American Civil War

Published in Issue 3 (May/June 2020), Letters, Volume 28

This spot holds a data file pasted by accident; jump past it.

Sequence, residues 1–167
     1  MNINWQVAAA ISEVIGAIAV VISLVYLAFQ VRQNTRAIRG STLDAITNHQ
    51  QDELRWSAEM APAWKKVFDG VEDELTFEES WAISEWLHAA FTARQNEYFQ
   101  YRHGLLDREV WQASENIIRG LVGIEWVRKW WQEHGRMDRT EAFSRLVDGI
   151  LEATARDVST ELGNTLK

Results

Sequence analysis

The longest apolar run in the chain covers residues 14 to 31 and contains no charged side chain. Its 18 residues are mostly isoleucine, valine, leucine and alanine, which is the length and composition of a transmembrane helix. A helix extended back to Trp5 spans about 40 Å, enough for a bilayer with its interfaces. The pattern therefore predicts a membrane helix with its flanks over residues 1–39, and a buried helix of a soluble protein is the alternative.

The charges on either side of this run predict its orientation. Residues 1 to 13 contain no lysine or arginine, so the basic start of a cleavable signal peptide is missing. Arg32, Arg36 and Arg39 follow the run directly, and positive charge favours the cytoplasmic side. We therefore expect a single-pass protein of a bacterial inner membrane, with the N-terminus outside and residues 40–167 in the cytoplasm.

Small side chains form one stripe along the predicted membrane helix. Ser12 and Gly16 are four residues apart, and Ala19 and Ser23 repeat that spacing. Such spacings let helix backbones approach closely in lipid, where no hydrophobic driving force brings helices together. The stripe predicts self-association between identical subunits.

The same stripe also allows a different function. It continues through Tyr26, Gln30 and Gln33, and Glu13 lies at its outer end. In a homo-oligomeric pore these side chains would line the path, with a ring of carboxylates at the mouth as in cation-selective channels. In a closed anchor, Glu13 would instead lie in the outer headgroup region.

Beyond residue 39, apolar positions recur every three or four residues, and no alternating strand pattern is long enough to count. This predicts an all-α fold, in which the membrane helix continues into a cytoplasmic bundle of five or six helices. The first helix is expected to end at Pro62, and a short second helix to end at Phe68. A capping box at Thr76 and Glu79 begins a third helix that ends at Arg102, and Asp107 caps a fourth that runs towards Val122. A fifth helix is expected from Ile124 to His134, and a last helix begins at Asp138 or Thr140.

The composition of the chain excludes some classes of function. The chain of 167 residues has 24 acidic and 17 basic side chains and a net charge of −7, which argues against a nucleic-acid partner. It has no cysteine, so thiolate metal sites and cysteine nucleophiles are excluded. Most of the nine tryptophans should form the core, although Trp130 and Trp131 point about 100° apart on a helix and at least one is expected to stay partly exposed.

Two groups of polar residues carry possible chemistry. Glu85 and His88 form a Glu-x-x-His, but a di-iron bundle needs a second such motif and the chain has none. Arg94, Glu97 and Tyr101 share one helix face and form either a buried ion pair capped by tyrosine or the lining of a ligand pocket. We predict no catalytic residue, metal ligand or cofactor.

Sir,—The recent article ‘Irish Eyewitness to Bull Run 1861’ (HI 28.1, Jan./Feb. 2020) coincides with a discovery of a hitherto unknown connection between my family and the American Civil War. In December 1861 a young Irishman named Edward Ging volunteered to join the Union Army, C Twelfth, New York Volunteers. Born in County Offaly in 1847 and so not yet fifteen, Ging was said to be the youngest ever to volunteer in the state of New York. It was said that ‘he was of unusual height’, which may have helped him to enlist. He served all through the war and although ‘he went through the seven days fight in the wilderness, at the battles of Antietam, Bull Run, Chancellorsville, Petersburg and Yorktown’, he came out of it ‘hale and hearty’ and ‘without a scratch’. Later Ging married my grandmother’s first cousin, Alice Burns (1853–1935) of Shelter Island, Sothold, New York, and together they had nine children. Edward Ging died in 1924 and is buried in Greenport, Long Island. Alice’s parents were from County Kildare.—Yours etc.,



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